At 5-all 15-40 in the first set, Ferrer missed his first serve. Point importance considerations should have Federer attempting to be extra aggressive at this moment. He was. He hit a high pace forehand right down the middle, but missed the shot long by a couple of inches. By attacking down the middle, Federer was taking away the possibility of a sideline error. He was attempting to make Ferrer play from a weakened position without going for a winner. Although he missed this shot, he went on to break and win the first set 7-5. In the first game of the second set, Ferrer again went down 15-40 and second serve. Federer again was very aggressive, but this time he hit his forehand right in the corner for a winner! The point importance at this moment was lower than the prior 15-40 point and Federer took advantage of this by choosing a riskier target. Top players go for their riskiest shots at the least important moments (most of the time – pros can’t be too predictable!) The causal chain looks like this: lower importance means less pressure means better chance of hitting one’s target.
Point importance is real because all of the underlying principles of good tennis, like Percentage Tennis, are grounded in probabilities. The 4-D System which I’ve developed in my book Deconstructing Tennis provides a simple four -step process which players should always go through during the time between points.
- See what happened
- Adjust/plan for the next point
- Remind yourself to see the blur of the racquet at contact
The score is a part of Step #2. But once the score has been used to set the appropriate gear/target, it is forgotten! Steps #3 and #4, which are crucial for executing the plan, help to mitigate against trying too hard (Relax!) and not watching the ball until contact (play the opponent and not the ball!)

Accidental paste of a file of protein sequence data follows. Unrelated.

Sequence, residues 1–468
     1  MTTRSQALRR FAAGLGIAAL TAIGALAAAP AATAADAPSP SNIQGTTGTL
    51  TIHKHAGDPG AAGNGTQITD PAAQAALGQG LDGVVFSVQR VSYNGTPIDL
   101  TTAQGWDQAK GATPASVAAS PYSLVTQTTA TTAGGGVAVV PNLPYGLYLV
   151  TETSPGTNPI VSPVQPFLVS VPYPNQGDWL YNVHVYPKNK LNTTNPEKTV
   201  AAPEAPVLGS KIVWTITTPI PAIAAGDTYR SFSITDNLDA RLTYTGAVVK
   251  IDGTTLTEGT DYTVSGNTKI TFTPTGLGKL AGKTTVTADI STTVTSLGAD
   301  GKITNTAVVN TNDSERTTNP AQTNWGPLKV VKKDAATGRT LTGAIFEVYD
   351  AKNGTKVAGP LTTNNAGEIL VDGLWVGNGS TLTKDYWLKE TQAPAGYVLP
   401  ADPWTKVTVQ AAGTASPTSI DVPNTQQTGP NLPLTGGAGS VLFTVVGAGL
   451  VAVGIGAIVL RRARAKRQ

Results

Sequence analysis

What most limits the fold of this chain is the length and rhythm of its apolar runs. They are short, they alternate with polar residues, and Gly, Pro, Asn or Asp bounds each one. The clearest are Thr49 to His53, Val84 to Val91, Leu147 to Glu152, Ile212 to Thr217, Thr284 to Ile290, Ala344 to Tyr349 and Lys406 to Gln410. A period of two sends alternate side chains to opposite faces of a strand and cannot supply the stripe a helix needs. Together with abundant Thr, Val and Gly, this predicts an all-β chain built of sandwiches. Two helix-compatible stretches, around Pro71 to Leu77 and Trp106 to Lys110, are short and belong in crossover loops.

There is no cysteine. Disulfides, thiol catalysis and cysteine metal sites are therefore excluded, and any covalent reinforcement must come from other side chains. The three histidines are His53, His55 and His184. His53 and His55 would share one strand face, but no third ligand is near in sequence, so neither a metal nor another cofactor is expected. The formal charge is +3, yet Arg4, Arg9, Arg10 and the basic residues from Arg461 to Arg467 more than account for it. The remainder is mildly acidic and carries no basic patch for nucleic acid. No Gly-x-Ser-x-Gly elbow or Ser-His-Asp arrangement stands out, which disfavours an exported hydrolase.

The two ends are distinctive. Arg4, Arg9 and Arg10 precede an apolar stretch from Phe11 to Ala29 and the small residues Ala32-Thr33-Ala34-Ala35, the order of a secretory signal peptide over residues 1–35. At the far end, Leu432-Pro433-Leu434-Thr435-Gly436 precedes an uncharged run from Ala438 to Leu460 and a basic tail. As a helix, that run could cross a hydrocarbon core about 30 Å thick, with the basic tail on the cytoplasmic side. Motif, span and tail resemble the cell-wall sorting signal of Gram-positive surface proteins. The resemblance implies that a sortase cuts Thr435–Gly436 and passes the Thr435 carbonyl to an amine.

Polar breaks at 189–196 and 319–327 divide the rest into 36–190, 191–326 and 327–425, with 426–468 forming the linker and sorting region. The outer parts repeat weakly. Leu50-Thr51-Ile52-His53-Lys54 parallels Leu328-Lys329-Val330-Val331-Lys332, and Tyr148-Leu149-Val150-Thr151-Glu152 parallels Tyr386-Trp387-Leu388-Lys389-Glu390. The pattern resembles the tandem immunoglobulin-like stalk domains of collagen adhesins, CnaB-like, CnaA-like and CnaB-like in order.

Finally, consider the following thought experiment: You and I are very evenly-matched and we are each given three points that we can claim at any time. I will assign you the first point in each of your first three service games. I, on the other hand, will wait until a break point (or maybe even 30-all if you are a big server) until I use my points (or not?). Or, I may wait to use them when I am down 30-40 on my own serve. Remember, we are evenly matched and we both get three free points. Who do you think is going to win most of our matches?About Bob Schewior
Bob Schewior has been a USPTA professional for over 25 years and has been director of tennis at the Chestnut Ridge Racquet Club in Mt. Kisco, New York since 1976. His playing accomplishments include playing No. 1 at Rutgers University 1971-73 and ranked in the Top 20 Men’s Singles in the ETA six times between 1976 and 1985. In 1988 and 1991, he was ranked in the Top 20 nationally in Men’s 35 and 40 Singles respectively as well as a No. 6 national ranking in Men’s 35 Doubles in 1988. Bob oversees all lessons and programs at CRRC.